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FOR IMMEDIATE RELEASE:
Aug. 16, 2016
OC Streetcar Receives $28 Million Boost From State
California’s Cap-and-Trade Program delivers funding to improve transit options and connectivity in Orange County while reducing greenhouse gas emissions
ORANGE – Plans for Orange County’s first modern streetcar rolled forward today, thanks to a $28 million state-funded grant for projects that will boost public transit ridership and help improve the environment.
The funding comes from the California State Transportation Agency (CalSTA)-administered Transit and Intercity Rail Capital Program, a part of the Cap-and-Trade Program, which seeks to reduce statewide greenhouse gas emissions through transformative rail and transit capital investments.
In addition to the OC Streetcar project, the TIRCP funding will go toward the system-wide roll out of mobile ticketing, making it easier for riders to purchase fares on all OCTA services.
“California’s Cap-and-Trade Program is critical in helping us invest in transit that will provide viable transportation options as Orange County continues to evolve,” said OCTA Chair Lori Donchak. “I appreciate that the state recognizes the importance of the OC Streetcar and this funding moves the project one step closer to fruition.”
The OC Streetcar is planned to travel along a 4.1-mile route from the Santa Ana Regional Transportation Center, through Downtown Santa Ana and the Civic Center, along the Pacific-Electric right of way, and connect to a new multimodal transit hub at Harbor Boulevard and Westminster Avenue in Garden Grove. Up to six streetcars will run along the route, stopping every 10 minutes during peak hours at 10 stations in each direction.
“The OC Streetcar project provides a clean mobility option through some of the most populated areas of the county,” said CalSTA Secretary Brian Kelly. “The project will provide meaningful access to jobs, job training, healthcare and education, using zero-emission streetcars. This is a win for the economy in both Santa Ana and Garden Grove and their quality of life.”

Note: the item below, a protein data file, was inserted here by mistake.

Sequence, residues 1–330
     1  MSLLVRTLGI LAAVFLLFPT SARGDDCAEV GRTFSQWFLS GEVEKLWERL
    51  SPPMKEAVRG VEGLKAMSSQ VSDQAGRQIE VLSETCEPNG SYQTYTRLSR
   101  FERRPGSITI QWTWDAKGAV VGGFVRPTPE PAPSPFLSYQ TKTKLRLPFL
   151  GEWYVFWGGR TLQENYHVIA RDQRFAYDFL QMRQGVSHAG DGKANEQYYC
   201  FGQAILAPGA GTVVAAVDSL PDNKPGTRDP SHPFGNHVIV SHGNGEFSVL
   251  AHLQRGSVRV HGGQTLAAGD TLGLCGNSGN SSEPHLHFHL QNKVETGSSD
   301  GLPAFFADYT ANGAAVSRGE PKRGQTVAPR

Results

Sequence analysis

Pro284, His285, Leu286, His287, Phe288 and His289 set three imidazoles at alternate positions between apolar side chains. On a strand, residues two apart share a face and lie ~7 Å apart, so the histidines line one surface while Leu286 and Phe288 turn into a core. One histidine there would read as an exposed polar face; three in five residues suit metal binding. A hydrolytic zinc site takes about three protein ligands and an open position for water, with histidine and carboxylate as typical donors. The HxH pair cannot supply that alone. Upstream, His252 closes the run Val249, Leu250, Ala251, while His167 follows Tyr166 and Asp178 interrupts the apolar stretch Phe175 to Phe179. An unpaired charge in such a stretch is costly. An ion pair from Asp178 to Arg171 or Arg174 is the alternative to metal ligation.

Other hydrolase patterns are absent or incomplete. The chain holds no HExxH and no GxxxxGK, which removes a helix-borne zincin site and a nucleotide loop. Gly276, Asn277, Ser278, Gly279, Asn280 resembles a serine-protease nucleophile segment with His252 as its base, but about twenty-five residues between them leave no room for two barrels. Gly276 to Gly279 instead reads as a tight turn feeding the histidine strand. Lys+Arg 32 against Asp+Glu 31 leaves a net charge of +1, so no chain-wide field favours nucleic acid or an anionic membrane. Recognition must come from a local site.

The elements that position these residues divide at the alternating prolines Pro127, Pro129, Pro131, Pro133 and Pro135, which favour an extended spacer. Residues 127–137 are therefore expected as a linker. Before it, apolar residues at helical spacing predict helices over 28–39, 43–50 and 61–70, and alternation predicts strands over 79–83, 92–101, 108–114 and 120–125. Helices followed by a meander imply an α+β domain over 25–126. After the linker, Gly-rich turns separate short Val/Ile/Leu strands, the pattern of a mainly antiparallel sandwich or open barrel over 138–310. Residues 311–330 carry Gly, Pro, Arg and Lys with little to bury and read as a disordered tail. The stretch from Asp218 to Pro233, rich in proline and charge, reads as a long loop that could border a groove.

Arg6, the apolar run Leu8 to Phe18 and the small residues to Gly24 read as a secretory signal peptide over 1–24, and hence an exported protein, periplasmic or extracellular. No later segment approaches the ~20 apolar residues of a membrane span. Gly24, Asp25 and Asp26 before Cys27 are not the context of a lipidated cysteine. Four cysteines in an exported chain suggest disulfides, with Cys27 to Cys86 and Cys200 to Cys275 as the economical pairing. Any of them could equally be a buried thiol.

OCTA is the lead agency developing the estimated $297.9 million OC Streetcar project, with additional funding coming from various federal and local sources, including Measure M, the county’s half-cent sales tax for transportation improvements.
“The OC Streetcar is a transformative project that will improve the environment and reduce pollution by getting people out of their cars in the heart of Orange County,” said OCTA CEO Darrell Johnson. “This project is a perfect example of what Cap-and-Trade funding is intended to build and I want to thank the state and CalSTA for its ongoing support.”
It’s expected that the OC Streetcar and mobile ticketing projects will lead to the reduction of 539,000 tons of greenhouse gas emissions over the next 50 years.
OCTA has also been working on the streetcar with the Federal Transit Administration through the federal New Starts program. In February, President Barack Obama included $125 million in the federal budget for the streetcar. Both the House and the Senate have also added funding for the OC Streetcar as part of their appropriation process, signaling strong federal support for the project.
On the current schedule, construction for the OC Streetcar would begin in 2018, with service beginning in 2020. The streetcar is expected to carry more than 7,500 riders a day.
CalSTA’s TIRCP Program has also helped fund other OCTA services, including a $2.3 million grant to launch Bravo! 560 in June, a limited-stop bus service that provides a quicker commute between Santa Ana and Long Beach. Without the state assistance this improved service link from Orange County to employment centers, Cal State Long Beach and Veteran medical facilities would not have been possible.
In addition, OCTA has received nearly $5 million from the Cap-and-Trade Program to help reduce bus fares.
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